• Waupoos area which is currently receiving an average download speed of 5.6 Mbps and is representative of approximately 350 households and businesses.
• Village of Milford which is currently receiving an average download speed of 3.2 Mbps and is representative of approximately 200 households and businesses.
• West of Rednersville: Which is currently receiving an average download speed of 4.6 Mbps and is representative of approximately 220 households and businesses.
• East of Consecon which is currently receiving an average download speed of 4.5 Mbps and is representative of approximately 210 households and businesses.
• West Lake area which is currently receiving an average download speed of 4.0Mbps and is representative of approximately 320 households and businesses.

Ways to reduce costs include flexible policies that allow for lower cost install methods that existing ISPs would support; aerial construction (instead of underground) which could save up to 33 per cent depending on the condition of existing poles; building only wireless options and providing a maximum 50/10Mbps though it sacrifices performance and future capacity (not recommended); apply for subsidies and pursing alternative approaches such as encouraging ISPs, public private partnerships and the wait and see for gaps that remain after funding applications have been processed.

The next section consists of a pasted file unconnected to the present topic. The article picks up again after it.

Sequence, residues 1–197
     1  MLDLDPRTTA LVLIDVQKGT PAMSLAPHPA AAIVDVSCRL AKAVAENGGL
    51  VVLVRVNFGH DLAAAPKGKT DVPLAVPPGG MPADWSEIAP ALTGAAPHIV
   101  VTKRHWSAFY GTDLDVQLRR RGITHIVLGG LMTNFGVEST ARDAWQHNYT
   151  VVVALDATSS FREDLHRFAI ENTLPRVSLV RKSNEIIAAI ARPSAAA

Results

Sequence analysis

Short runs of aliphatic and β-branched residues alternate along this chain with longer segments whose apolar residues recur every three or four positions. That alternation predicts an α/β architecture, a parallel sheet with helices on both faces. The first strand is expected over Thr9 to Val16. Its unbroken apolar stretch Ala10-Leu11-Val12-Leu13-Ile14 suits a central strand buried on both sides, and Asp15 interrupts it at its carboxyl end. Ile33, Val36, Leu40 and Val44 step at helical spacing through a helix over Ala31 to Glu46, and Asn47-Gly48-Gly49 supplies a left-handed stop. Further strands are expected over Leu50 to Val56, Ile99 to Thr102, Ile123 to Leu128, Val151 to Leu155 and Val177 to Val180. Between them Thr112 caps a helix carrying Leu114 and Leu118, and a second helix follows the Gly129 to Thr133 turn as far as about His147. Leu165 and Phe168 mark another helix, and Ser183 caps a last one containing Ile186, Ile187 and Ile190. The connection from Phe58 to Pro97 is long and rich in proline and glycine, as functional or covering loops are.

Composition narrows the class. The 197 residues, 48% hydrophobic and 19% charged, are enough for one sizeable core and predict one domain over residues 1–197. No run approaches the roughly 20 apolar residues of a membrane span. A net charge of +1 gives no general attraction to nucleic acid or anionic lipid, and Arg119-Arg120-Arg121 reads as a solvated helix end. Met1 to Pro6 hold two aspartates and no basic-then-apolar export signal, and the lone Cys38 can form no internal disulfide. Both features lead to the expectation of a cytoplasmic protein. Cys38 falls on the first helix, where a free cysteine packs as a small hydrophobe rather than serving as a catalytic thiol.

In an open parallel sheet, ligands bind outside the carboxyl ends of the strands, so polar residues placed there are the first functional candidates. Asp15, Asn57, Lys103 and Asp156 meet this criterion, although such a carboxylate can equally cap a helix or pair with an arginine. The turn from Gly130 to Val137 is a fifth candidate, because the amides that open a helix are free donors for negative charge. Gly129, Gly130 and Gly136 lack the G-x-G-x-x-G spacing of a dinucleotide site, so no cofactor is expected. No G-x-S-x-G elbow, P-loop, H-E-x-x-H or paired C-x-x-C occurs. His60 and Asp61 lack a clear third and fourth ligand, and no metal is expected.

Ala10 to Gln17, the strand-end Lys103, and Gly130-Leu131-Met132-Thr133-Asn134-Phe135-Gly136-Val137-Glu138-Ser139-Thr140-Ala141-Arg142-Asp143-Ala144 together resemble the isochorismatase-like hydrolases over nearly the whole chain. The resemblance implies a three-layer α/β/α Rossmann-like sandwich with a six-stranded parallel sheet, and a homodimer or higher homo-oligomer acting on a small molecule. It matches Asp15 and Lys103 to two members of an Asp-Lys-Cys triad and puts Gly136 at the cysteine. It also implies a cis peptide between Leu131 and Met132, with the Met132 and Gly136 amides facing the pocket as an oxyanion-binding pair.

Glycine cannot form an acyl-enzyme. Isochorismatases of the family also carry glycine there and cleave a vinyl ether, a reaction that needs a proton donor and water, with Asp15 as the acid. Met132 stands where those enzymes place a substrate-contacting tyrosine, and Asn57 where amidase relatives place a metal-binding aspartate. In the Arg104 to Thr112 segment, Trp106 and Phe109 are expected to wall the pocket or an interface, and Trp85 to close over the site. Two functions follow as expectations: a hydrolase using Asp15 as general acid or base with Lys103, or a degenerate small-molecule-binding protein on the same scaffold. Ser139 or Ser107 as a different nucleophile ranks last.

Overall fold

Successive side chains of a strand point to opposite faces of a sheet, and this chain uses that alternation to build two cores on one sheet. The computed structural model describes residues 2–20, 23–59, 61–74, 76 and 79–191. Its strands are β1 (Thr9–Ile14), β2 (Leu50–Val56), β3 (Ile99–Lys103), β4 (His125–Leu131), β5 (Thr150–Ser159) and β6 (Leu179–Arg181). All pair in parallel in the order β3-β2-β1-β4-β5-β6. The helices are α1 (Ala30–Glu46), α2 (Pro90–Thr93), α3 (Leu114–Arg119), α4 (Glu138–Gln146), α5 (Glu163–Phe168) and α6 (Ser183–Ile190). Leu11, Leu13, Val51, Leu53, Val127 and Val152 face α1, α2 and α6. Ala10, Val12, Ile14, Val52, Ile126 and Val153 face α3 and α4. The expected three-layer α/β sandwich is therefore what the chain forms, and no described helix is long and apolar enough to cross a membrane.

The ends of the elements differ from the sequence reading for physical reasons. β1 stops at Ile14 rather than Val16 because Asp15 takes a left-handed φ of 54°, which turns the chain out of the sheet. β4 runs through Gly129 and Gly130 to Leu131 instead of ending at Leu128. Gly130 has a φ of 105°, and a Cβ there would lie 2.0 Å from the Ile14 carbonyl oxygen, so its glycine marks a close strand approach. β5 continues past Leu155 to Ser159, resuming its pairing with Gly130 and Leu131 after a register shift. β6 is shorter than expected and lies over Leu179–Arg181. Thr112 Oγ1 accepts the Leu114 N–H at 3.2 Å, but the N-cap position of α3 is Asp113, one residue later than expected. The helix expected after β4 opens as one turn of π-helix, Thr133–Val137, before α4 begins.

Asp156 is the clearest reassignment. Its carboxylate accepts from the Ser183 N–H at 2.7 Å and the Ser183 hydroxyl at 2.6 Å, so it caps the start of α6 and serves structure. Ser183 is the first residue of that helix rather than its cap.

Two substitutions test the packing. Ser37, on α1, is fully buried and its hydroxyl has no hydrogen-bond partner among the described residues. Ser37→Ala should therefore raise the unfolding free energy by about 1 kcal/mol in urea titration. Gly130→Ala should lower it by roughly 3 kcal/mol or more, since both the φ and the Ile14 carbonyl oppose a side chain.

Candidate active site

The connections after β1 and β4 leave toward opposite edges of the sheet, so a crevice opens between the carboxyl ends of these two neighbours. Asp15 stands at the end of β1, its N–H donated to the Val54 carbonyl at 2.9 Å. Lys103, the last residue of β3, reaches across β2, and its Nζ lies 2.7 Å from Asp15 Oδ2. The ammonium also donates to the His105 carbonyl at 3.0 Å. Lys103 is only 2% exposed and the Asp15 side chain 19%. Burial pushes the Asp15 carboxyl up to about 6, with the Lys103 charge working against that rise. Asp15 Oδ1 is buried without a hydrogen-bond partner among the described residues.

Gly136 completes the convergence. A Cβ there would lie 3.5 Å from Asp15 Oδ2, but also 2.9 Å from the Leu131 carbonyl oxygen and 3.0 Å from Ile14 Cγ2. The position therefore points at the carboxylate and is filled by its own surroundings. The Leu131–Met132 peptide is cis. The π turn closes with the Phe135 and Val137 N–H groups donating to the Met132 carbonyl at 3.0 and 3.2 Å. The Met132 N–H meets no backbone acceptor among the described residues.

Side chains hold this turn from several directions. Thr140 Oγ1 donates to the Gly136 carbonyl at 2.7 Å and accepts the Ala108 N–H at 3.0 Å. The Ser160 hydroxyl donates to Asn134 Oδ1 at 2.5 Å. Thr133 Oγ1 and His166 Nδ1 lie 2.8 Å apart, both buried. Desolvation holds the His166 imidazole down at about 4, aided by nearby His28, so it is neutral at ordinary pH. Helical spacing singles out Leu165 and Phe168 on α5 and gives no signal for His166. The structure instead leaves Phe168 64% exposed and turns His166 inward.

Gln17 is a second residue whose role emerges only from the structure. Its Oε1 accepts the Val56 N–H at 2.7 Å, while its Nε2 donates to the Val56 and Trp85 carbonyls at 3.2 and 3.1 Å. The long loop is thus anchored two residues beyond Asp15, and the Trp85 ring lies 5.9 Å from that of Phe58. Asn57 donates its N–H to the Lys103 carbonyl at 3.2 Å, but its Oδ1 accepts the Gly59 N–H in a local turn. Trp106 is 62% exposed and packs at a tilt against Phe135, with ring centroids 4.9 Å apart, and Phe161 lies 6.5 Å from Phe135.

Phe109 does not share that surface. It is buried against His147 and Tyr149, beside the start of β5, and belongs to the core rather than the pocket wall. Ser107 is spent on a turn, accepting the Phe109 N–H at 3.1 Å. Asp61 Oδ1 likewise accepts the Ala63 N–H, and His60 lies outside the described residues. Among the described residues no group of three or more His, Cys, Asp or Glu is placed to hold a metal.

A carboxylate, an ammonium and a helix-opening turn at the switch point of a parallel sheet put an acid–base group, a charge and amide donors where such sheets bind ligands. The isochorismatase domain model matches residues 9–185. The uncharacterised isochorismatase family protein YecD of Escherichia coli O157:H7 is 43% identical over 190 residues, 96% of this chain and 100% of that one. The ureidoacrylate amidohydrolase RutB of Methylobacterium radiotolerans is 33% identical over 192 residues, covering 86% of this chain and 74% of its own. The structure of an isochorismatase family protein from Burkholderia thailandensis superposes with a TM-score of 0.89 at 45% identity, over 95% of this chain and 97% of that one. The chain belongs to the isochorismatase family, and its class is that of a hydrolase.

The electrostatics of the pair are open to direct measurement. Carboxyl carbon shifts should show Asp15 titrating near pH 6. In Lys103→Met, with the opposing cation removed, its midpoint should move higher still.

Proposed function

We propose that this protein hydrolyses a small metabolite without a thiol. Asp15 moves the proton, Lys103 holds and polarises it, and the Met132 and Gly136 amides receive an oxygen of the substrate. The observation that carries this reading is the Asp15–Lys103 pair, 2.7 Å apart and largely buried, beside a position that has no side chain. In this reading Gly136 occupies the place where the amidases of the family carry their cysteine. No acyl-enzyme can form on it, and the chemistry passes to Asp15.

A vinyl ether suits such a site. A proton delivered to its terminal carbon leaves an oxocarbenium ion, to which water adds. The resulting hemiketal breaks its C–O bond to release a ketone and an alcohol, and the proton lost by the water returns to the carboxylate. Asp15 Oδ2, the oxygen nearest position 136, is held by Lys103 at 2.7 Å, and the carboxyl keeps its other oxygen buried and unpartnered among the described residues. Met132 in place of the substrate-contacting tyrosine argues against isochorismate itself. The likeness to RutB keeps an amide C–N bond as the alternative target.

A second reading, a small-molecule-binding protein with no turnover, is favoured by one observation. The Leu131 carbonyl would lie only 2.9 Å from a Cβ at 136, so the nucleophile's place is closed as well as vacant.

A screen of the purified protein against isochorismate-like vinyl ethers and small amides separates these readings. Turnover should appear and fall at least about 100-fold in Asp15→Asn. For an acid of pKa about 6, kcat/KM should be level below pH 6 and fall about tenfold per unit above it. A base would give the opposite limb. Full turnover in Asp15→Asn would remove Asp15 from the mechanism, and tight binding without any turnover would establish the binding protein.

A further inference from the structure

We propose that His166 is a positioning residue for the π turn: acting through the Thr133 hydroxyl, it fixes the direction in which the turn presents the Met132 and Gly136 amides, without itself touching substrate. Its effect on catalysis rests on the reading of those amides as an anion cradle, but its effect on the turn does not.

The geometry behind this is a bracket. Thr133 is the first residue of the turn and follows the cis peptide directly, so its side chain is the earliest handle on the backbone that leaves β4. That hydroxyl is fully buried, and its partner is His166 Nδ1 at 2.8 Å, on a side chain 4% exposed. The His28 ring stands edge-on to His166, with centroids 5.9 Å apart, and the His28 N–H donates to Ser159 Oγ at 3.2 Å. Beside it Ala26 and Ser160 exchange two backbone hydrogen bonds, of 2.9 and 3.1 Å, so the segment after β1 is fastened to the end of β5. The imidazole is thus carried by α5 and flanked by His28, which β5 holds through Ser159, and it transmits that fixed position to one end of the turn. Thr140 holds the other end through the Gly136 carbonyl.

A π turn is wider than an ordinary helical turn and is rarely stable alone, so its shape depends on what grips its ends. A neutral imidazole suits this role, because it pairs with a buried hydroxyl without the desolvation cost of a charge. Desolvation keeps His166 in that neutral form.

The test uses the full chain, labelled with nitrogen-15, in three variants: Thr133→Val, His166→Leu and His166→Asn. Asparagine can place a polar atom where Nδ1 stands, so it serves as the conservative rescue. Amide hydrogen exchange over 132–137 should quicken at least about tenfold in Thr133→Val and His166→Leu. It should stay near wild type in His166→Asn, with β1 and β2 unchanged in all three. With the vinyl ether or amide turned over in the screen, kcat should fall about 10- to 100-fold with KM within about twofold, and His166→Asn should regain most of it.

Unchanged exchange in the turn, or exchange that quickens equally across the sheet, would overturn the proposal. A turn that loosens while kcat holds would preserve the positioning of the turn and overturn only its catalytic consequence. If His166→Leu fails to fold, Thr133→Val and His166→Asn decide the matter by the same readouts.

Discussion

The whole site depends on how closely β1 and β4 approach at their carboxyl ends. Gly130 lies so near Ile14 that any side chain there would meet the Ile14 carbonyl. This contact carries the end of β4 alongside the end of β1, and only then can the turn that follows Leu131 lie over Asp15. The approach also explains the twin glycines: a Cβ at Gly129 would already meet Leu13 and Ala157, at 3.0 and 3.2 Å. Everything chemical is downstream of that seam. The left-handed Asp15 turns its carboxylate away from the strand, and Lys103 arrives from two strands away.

View the extensive, detailed report within council’s May 27 Committee of the Whole meeting agenda.

Filed Under: Local News

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  1. Dennis Fox says:

    While it is great to finally see the federal level of government recognize the deplorable state of the County’s internet service, it doesn’t explain why our own municipal government expected the public to follow and to participate in “supposed online public meetings.” Our council has made many far reaching decisions, without proper public scrutiny and participation. This report confirms their plan for online council meetings didn’t and couldn’t have worked.